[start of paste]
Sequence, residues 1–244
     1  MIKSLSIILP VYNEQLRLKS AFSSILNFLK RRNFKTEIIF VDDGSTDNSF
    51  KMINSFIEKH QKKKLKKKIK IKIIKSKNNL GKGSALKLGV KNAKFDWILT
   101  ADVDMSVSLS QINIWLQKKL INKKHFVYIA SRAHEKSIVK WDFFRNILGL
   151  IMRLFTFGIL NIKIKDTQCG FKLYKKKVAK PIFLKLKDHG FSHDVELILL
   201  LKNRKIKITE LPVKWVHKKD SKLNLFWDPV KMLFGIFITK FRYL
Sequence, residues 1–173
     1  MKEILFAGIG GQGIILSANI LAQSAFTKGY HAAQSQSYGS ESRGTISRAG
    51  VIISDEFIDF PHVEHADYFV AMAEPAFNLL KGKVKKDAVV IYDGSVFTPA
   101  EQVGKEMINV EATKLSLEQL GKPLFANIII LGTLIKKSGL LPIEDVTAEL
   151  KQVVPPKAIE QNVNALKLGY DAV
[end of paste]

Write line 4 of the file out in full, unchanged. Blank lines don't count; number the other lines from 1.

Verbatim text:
   101  ADVDMSVSLS QINIWLQKKL INKKHFVYIA SRAHEKSIVK WDFFRNILGL